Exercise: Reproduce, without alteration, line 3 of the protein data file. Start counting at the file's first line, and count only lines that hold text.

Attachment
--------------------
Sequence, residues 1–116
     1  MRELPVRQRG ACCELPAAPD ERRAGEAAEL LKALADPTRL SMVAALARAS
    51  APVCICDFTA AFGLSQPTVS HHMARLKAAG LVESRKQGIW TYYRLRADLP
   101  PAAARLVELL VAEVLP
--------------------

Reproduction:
    51  APVCICDFTA AFGLSQPTVS HHMARLKAAG LVESRKQGIW TYYRLRADLP